The Greater Wilmington Sports Hall of Fame Inducted four new members Sunday night at UNCW.
Quinton McCracken graduated from South Brunswick High School, and went on to play baseball and football at Duke University before a 12-year MLB career that included notable stints with the Tampa Bay Rays and Arizona Diamondbacks.
"I remember playing there, back in the fields, you know, sandlot baseball with cousins and friends, with sticks and tennis balls," said McCracken, when talking about his early days with the sport in Southport. "Those humble beginnings - to have those pay off is truly a humbling experience for me."
Dave Allen was the architect of the UNCW swim and dive program, a team that dominated the CAA, and at one point won an astounding 13 consecutive conference championships. When Allen accepted the job in 1997 though he had smaller goals in mind.
"I can remember exactly what my mindset was," said Allen with a smile. "To be successful and don't get fired. That was pretty clearly what I was after. I wanted to make sure I was doing a job the university would be proud of. I wanted to do a job that the athletic department would be proud of."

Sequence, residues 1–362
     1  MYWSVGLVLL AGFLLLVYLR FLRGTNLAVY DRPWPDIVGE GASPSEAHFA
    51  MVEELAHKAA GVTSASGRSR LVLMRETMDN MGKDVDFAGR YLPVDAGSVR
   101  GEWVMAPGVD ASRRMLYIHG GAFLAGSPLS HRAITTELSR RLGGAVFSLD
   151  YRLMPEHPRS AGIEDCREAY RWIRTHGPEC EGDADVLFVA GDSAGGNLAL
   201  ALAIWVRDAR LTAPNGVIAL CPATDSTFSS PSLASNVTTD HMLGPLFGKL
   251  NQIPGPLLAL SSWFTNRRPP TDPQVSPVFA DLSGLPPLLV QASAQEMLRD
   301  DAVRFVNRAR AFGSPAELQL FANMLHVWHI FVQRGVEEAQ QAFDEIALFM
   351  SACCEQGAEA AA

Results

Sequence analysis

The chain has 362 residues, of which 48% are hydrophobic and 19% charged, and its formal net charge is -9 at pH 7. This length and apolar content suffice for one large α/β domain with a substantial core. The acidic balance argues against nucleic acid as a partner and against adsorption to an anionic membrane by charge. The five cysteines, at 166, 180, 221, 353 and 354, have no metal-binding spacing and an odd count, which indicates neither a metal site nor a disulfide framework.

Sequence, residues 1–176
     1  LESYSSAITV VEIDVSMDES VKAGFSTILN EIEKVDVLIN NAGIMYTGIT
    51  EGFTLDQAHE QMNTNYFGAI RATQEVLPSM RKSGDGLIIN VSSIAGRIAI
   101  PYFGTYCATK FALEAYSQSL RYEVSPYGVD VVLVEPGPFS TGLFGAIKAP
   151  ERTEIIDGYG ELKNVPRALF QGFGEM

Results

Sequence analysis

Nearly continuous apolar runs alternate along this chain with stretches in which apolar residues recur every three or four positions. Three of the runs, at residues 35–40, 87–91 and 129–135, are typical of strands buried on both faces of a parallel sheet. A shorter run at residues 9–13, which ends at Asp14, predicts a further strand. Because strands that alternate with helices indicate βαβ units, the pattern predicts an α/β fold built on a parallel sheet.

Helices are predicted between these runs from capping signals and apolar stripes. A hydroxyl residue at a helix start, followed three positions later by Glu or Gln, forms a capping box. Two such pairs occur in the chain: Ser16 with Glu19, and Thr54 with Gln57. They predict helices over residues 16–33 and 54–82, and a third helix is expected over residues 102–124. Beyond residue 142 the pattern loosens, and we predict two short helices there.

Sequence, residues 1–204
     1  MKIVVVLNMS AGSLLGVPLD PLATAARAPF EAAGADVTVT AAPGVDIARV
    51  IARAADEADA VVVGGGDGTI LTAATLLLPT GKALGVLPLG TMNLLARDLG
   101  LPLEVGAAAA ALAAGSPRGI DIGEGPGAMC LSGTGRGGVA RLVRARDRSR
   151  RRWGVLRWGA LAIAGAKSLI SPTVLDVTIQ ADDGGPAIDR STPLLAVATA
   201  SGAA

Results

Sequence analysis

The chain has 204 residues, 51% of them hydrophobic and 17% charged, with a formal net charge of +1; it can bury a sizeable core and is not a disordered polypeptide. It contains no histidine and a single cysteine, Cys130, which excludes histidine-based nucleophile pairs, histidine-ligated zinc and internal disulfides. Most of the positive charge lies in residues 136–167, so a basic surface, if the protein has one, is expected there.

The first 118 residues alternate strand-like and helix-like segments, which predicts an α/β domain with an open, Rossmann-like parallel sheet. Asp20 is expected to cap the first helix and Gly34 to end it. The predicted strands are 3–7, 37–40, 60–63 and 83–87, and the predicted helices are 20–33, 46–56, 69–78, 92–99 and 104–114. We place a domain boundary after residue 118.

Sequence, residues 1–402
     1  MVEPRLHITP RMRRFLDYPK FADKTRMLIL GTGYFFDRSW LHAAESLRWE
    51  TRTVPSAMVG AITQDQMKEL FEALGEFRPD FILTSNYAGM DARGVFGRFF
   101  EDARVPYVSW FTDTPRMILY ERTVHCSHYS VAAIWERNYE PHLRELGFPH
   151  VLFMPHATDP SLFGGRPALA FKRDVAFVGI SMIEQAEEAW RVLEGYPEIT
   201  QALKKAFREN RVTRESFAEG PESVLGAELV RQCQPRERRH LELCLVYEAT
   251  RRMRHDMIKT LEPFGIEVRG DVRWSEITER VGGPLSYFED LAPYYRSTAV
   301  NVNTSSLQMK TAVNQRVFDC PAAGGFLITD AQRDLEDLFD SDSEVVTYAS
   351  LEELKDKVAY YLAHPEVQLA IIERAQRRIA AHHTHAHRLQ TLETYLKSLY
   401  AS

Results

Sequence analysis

In 1978, Allen and his wife started the Seahawk swim school, which continues to this day and has taught thousands of children through the decades how to swim, and launched many to college swimming careers.
Bruce Fleisher grew up and learned the game of golf in Wilmington, often playing with his brothers at Pine Valley Country Club. After moving to Miami as a teenager, Fleisher attended Miami-Dade College and played on the golf team there, going on to win the US Amateur in 1968.
The Greater Wilmington Sports Hall of Fame further lists his later accolades.
Between 1991 and 1998, Bruce had 35 top-25 finishes, 14 top-10 finishes, and a win in 1991 at the New England Classic.
In 1999, he joined the Senior PGA Tour (now Champions Tour) and went on to win 18 tournaments, including the 2001 US Senior Open. He was the first player ever to win back-to-back victories in his first two Champions Tour events and won the Player of the Year and Rookie of the Year awards in 1999.
Fleisher took time Sunday to go back to Pine Valley – playing the course he did so many times as a child.
"The memories are so instilled and so deep," Fleisher said. "To go back…I played there today. I played nine holes. I remembered every hole, and every shot – every tree. It's so fresh in my mind, it's like I never left."
Dr. Hubert Eaton was inducted posthumously, represented by Lenny Simpson. In a time where segregation was rampant, and African-Americans playing tennis rare – Eaton broke barriers and set the stage for those who would come after him. In 1932 Eaton was the first African American to win the North Carolina Interscholastic Tennis Championship. Eaton earned his M.D. from the University of Michigan in 1942, and soon after was leading desegregation efforts in Wilmington, on and off the court.
Simpson, a local tennis icon himself, said accepting the honor for Eaton meant more than being inducted into the Hall of Fame himself.